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This week the RSA publishes a new report on pensions for the self-employed. It warns against false hopes in the form of alternative saving strategies like property, and argues that thousands will face poverty in old age unless the government takes action. Our main recommendation is to create a flat rate of tax relief, which would be more progressive and leave 75 percent of savers better off.

The missing millions

The rise of self-employment has been one of the most remarkable economic stories of the last decade. The number of people who work for themselves has grown by 40 percent since the turn of the century, today reaching 1 in 6 of the workforce. 

Too often this growing band of self-starters have been depicted as precariats by default. Yet studies show the vast majority are happier working for themselves. Less than a fifth want to exit their business, and for half of these the reason is to retire.

But the self-employed do face more challenges than most – none greater than preparing for retirement. Having been excluded from auto enrolment, and with no employer to top up their pensions, the self-employed are often left with negligible pension pots in later life.

The government, pensions industry and think-tanks agree that something needs to give. But widespread disagreement remains over the best way forward. While some say auto enrolment should be extended to the self-employed, others say that pensions are ill-suited to this group of workers and ISAs should instead be promoted.

In partnership with Etsy, we have attempted to lift the lid on this debate and weigh up the arguments for different interventions. Here are our 5 key takeaways:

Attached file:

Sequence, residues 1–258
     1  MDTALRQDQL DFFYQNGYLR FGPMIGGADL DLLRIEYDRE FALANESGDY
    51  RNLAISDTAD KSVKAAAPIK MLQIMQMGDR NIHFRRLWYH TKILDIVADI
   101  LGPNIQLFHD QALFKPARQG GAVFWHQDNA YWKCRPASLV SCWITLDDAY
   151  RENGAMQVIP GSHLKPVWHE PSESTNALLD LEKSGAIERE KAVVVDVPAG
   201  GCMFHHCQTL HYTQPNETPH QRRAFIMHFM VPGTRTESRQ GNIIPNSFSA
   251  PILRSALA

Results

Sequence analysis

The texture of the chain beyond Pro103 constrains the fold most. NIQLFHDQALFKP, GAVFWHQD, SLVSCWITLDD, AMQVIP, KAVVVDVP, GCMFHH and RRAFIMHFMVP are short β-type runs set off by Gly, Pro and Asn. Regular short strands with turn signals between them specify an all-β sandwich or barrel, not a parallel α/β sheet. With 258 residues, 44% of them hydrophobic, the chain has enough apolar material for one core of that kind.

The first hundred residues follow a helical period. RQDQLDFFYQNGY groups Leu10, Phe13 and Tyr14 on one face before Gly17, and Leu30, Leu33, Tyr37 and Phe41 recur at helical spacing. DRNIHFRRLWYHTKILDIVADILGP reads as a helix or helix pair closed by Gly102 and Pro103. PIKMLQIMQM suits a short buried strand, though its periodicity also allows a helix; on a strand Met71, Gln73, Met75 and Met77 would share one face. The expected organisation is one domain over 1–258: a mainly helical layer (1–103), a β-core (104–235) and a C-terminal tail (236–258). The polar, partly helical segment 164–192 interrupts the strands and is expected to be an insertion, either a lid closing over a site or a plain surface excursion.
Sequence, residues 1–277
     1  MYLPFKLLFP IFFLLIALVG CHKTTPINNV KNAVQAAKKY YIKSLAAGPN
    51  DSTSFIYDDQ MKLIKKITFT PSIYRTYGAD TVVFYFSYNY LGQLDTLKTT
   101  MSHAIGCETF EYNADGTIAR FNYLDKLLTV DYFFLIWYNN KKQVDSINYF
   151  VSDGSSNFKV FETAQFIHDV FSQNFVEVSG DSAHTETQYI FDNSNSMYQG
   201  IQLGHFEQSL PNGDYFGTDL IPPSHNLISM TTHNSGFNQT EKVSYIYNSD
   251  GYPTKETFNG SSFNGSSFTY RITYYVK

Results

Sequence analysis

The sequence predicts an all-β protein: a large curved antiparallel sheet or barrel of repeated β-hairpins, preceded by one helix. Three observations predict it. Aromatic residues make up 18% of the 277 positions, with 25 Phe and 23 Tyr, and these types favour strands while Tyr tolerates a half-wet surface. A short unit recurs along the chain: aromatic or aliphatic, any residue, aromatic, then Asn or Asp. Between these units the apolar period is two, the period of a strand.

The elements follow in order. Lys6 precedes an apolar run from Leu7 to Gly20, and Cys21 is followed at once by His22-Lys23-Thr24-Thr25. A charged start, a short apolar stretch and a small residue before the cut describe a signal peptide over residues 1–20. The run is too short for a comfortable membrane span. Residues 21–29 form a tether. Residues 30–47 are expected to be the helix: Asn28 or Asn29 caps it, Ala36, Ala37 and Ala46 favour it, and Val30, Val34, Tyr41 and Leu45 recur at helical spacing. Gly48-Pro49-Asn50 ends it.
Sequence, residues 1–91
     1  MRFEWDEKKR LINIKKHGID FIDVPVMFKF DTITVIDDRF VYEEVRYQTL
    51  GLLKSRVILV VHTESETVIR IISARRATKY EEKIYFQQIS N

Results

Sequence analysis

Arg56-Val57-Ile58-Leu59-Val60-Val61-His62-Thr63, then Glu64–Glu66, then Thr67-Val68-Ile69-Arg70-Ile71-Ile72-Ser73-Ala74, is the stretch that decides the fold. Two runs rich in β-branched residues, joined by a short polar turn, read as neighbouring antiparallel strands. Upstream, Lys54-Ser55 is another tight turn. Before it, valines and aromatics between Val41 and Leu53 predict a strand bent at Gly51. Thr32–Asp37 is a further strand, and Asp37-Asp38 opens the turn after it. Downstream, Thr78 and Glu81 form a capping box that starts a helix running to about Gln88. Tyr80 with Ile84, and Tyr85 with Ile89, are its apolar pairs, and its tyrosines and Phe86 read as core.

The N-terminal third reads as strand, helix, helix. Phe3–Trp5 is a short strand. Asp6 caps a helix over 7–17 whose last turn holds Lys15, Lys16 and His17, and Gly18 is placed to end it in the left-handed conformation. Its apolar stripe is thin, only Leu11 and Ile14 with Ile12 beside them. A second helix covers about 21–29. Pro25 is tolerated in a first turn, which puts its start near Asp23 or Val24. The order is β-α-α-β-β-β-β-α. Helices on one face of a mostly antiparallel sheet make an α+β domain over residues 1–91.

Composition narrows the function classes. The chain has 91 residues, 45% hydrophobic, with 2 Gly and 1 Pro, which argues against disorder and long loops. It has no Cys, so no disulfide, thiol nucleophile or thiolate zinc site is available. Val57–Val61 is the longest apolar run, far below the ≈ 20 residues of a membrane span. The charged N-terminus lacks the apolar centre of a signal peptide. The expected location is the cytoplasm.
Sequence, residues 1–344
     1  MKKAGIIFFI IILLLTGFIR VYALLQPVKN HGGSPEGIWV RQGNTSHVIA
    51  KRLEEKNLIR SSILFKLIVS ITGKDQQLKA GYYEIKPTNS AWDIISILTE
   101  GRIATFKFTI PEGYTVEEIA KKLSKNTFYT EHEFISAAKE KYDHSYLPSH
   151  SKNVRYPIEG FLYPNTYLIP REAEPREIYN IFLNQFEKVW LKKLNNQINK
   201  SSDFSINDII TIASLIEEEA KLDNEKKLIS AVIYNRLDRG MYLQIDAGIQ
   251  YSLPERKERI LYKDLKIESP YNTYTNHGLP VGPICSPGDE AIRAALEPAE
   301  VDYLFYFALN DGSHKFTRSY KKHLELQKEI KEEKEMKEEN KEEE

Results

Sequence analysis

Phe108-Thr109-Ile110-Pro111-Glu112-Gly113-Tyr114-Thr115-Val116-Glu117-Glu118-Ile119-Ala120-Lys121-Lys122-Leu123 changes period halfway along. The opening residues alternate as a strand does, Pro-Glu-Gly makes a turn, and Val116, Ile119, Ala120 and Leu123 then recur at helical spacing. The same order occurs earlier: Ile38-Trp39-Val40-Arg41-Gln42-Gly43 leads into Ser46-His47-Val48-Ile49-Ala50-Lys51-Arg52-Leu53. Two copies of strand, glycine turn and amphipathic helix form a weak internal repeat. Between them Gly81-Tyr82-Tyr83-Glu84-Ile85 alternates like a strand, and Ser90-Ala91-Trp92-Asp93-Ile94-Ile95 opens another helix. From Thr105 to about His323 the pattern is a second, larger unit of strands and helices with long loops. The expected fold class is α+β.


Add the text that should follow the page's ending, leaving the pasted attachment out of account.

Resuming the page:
1.     The self-employed are under-saving for their future – and not by a small margin

While the proportion of employees contributing to a personal pension rose by 51 percent in 2010/11 to 62 percent in 2015/16, participation among the self-employed actually fell from 23 percent to 17 percent.

Even when the self-employed do save for the long-term, they tend to put away too little. Of those who are closest to the state retirement age (in the 55-64 year old age bracket), 26 percent have nothing at all saved in a personal pension.

What’s more, the self-employed appear to begin saving later in life, denying themselves the benefits of compound interest (what Einstein called the ‘eighth wonder of the world’). More than 80 percent of self-employed 25-34 year olds hold nothing in pension wealth – double the figure for salaried workers.

Low income workers, the ‘lifetime’ self-employed, and those will volatile incomes face the greatest obstacles to saving.

 2.     Alternative saving strategies such as property and partner income are a false hope

It is common to hear that the self-employed have made an active choice to avoid a pension, instead relying on other saving vehicles which they trust more.  

One of these is property. But while it is true that the self-employed have a preference for bricks and mortar investments, this option is only available to those with the deposits to get on the housing ladder. Accessing the cash from property can also be troublesome. Downsizing depends on a healthy housing market, and equity release can be extraordinarily expensive.

Others may have pinned their hopes on selling business assets, such as machinery or equity in their firm. According to a survey by Aegon, 630,000 self-employed people view this as a financial lifeline. Yet the sums in consideration are usually very modest. Although 40 percent of the self-employed hold business assets, fewer than a fifth hold upwards of £20,000.

A third strategy is to rely on a partner’s nest egg. Here, the risks are more obvious. A 2013 study by the ONS estimated that 42 percent of marriages end in divorce, with more than half of these ending in the first ten years.

Overall, pensions remain the best long-term savings vehicle for most of the self-employed.

3.     Auto enrolment is necessary but not sufficient to meet the savings shortfall

Among those who agree the self-employed should be saving more into pensions, the usual go-to solution is to bring them into the remit of auto enrolment. We agree, and would urge the government to redouble its efforts to find a technical solution to this challenge. One option, as has already been mooted, is to create a new duty for accountancy software providers to enrol their self-employed clients onto a pension.